Portrait of Sir Thomas Wyatt (1503-1542) by Hans Holbein the Younger (1498-1543 - black and colored chalks, pen and ink, on pink-primed paper, 37.3 x 27.2 cm (circa 1535-1537) Royal Collection, Windsor Castle]
AG: John Wieners hardly anyone has read. Ed Dorn..and Basil Bunting has been read (according to Allen’s (unofficial) class survey) by five people. That’s why I brought up the Bunting..
So what I think I’ll do – I’ve done this for some of the (student) papers – in the next day or so, I’ll write up a reading-list of one or two key, interesting knocked-out poems by each one of the names on this list. A little survey of highlights or pinpointed little poems – like (Sir) Thomas Wyatt has a really great, mysterious, very brief poem, that begins “They flee from me, that sometime did me seek,/ With naked foot stalking in my chamber.”
Student: What’s the next line?
AG: “I have seen them them gentle tame and meek that now are wild and do not remember that one time they put themselves in great danger to take food from my hand, that now range outward busily seeking with continual change.. or something” (that’s probably inaccurate after the first line – [it is, an accurate transcription of the ….]). Wyatt also has one of the best ears in English poetry.. I think I’ll read a poem by Thomas Wyatt, while we’re at it, because it’s song. It’s a song that’s a slightly later development than the ballads (that) we were reading, but still, something to be sung, something that could be sung now by Mick Jagger (actually, it would be a perfect lyric for Jagger!) – [Allen proceeds to sing/recite Sir Thomas Wyatt’s “My Lute Awake” in its entirety – “My lute, awake! Perform the last/ Labor that thou and I shall waste,/And end that I have now begun,/For when this song is sung and paste,/My lute, be still, for I have done..”] – That’s really tough. Actually, that’s one of the most penetrating pieces of perception of sexual lack-love that I’ve ever seen, in that “Perchance thee lie withered and old/ The winter nights that are so cold/ Plaining..” – complaining, making plainsong, complaining – “Plaining in vain unto the moon./ Thy wishes then dare not be told”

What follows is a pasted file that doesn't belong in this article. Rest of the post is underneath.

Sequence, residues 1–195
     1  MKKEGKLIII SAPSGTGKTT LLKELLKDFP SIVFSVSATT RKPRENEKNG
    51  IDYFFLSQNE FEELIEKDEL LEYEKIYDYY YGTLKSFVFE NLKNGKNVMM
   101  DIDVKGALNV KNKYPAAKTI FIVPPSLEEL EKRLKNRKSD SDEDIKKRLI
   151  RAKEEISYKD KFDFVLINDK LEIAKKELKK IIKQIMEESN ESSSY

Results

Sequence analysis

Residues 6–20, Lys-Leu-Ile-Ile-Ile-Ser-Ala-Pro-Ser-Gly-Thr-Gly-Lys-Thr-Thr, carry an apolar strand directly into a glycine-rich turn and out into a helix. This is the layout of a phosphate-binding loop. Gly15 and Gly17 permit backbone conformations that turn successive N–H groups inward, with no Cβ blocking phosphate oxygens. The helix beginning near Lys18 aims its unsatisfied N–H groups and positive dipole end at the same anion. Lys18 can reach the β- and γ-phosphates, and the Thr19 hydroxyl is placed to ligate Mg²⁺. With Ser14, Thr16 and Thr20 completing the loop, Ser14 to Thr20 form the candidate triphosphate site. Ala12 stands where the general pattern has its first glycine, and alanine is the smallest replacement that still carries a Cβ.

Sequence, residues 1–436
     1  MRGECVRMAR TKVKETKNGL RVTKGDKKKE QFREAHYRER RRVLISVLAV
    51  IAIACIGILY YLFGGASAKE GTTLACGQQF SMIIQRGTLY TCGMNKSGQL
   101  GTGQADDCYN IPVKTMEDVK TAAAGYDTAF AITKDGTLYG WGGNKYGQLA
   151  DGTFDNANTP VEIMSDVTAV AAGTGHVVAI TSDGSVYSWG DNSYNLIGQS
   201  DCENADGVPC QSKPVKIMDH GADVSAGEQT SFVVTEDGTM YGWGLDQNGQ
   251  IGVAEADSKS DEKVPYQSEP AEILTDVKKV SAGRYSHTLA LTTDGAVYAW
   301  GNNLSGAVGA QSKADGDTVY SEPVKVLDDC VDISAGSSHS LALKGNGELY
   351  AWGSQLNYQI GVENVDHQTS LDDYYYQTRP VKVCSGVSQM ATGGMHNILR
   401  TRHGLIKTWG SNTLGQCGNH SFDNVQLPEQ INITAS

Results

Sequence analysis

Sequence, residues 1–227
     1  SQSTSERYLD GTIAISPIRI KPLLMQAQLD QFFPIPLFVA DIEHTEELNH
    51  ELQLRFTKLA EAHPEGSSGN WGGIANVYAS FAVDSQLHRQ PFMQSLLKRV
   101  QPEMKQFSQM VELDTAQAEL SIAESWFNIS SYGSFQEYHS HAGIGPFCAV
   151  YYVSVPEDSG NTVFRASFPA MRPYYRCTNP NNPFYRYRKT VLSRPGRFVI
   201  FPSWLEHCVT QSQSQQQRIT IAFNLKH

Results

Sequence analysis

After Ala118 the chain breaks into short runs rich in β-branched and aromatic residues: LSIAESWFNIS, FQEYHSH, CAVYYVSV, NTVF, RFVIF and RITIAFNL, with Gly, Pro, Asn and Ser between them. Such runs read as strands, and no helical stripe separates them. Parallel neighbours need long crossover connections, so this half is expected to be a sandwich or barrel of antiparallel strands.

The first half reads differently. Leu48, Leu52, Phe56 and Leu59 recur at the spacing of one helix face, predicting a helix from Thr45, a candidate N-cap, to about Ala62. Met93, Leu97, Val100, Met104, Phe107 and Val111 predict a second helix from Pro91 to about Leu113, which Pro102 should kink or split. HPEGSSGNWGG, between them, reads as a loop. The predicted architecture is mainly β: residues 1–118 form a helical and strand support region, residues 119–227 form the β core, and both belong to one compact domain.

Student: Do you have (John) Donne’s “Hymn to God the Father” in there?
AG: Yes, but it’s irrelevant to what I just read actually, I think.
Student: It sounds a lot like it though
AG: Yeah, yeah, it has the same rhyme – “For thy has done”. But I was more into just the erotic song here, more…
Student: What was the title of that?
AG: “My Lute, Awake!” is what it’s titled in the Norton Anthology. That’s for singing, literally. “My Lute, Awake!” – It would be great actually for Jagger to come on stage – “My lute, awake.. .Perchance thee lie withered and old/ The winter nights that are so cold/…/Thy wishes then dare not be told.” – Wyatt has as interesting an ear as anybody. You could read it sing-song, in a very odd way of.. [Allen begins reading the final stanza, highlighting the iambics - “My lute, awake! Perform the last/Labor that thou and I shall waste,/ And end that I have now begun,/ For when this song is sung and paste,/My lute, be still, for I have done.” – It’s perfect metrically, and, at the same time, if you read it actually for its meaning, it’s very jagged and rough in terms of the force, if you were pronouncing it. There are a couple of things that are like that. Actually, you’re right, the Donne thing is, musically, the same echo.